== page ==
“No one should speak for us, but us.” This message came clearly across when Shahed Amanullah came to speak to our class on June 8th, 2012. Both in 2009 and 2010, Mr. Amanullah has been named as one of the 500 most influential Muslims in the world, according to Georgetown University. His active participation in Muslim and American communities has made him one of the top 10 most visionary young Muslims, according to Islamica Magazine in 2007. Currently, Shahed Amanullah is the Senior Advisor for technology for the US Department of State. He also focuses on digital diplomacy projects in the Office of the Special Representative to Muslim Communities Worldwide. His reports are directly handed over to Secretary of State, Hillary Clinton.
Shahed Amanullah’s experience in social media and entrepreneurship has given him insight on what society needs and wants. For example, Shahed founded Halalfire- a website that is a great tool to do market research on Muslim communities worldwide. His website that he created in 1998, zabiha.com, makes it easier for Muslims to find local butcher zabiha shops as well as zabiha restaurants. Also, his website altmuslim.com, founded in 2001, is now a growing online newsmagazine that discusses Muslim issues worldwide. Shahed Amanullah has been a very successful entrepreneur as Halalfire serves over 12 million users annually!
He has been involved in trying to mediate negative stereotypes on Muslims through his twitter, www.twitter.com/shahed, writing journal articles for websites such as Washingtonpost and doing interviews on BBC radio, for example. He was active during the Ground zero debate. Also, he wrote an article on “Draw Muhammad Day”. http://www.huffingtonpost.com/shahed-amanullah/the-collective-punishment.... In this article in the Huffingtonpost, Shahed Amanullah clearly said that people involved in “Draw Muhammad Day” should be allowed to do so because of “Freedom of Speech”, but it should be done with respect towards minorities. He believes that Americans and media at large should not be targeting Muslims for the death threats that the people involved in the event are getting. Americans and media at large should be targeting “the people responsible for sullying free speech, not those who respected it”.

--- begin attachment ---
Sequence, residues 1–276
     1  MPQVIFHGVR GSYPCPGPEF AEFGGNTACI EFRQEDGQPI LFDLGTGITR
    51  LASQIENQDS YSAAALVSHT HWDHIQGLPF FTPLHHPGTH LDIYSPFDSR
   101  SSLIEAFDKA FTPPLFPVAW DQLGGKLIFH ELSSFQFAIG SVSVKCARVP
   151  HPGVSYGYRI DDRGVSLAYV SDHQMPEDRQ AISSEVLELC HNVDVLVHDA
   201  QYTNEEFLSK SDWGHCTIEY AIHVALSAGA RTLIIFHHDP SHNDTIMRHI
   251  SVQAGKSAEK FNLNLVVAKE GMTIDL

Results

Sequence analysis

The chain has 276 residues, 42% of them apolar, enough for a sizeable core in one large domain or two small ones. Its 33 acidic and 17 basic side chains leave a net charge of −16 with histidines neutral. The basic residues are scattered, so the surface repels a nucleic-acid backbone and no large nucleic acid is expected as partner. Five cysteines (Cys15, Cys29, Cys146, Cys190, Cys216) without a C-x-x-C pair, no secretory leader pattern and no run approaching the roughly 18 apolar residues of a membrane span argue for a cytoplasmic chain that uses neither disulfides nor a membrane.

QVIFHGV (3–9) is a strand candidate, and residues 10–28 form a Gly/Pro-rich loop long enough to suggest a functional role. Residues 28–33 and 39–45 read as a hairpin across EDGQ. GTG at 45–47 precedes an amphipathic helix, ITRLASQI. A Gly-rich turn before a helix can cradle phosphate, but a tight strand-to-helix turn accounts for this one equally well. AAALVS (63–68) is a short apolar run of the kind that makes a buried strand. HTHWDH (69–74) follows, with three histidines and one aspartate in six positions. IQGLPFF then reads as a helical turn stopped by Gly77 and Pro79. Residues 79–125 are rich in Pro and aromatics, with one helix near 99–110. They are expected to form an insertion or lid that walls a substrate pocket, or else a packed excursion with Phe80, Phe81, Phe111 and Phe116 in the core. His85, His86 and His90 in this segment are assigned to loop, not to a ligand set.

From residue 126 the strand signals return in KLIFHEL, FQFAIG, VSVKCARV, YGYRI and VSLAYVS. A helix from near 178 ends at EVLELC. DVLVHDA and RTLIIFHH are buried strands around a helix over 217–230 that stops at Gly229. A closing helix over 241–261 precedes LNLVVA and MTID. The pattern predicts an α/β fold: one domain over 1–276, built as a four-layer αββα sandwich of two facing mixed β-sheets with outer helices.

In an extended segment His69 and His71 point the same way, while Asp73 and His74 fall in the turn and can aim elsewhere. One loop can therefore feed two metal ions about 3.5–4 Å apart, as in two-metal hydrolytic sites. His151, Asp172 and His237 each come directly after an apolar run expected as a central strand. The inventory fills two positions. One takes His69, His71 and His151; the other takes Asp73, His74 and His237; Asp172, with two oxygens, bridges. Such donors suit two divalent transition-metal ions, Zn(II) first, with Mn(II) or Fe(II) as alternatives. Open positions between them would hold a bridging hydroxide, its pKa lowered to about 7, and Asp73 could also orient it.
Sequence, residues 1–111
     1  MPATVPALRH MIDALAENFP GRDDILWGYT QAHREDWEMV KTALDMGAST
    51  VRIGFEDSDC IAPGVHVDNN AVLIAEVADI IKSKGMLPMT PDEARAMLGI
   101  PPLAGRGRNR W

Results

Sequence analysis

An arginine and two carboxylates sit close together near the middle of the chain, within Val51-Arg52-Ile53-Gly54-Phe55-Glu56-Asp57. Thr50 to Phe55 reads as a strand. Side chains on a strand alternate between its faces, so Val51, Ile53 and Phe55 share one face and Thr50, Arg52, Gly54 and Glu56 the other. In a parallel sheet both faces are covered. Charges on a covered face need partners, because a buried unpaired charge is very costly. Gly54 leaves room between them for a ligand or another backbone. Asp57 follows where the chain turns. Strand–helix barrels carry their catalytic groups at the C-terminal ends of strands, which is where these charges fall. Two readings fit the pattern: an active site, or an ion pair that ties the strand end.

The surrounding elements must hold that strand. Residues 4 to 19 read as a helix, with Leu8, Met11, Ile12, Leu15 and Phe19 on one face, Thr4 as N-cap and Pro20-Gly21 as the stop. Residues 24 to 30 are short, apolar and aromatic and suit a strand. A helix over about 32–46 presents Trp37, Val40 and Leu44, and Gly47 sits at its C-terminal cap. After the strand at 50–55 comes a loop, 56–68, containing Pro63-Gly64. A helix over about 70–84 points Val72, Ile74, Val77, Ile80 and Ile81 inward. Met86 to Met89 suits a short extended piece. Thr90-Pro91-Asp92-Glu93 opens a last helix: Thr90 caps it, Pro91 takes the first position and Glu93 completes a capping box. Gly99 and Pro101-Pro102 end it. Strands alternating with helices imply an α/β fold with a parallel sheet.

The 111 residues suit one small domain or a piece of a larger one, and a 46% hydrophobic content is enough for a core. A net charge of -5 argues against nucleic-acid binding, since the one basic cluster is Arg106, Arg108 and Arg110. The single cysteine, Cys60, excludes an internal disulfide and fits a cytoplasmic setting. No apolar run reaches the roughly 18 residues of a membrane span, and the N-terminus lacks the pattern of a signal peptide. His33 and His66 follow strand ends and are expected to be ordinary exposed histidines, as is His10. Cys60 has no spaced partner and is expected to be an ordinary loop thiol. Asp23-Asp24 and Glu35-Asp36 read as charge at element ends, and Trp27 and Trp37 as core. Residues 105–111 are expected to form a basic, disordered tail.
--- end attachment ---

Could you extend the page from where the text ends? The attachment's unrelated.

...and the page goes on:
To end the class, he gave us advice for us young American Muslims that would like to make a difference in the world as positive role models as not just Muslims, but also as Americans and humans in general. He stressed the importance of speaking out through various outlets such as journalistic writing, and growing social media outlet: twitter. He discussed the idea of “brand”. A brand would mean who we want to be, and portray ourselves as that on social media like twitter because it’s the most effective to get recognized, and become an influencer. He warned us to cautious of what we put on the Internet, however, because it will always stay with us-for the good and for the bad. His methods on effectively using communication mediums have given the class motivation to bring positive change to the American Muslim world. I am hopeful when I say that differences can be made; it just depends on how we use the tools given to us.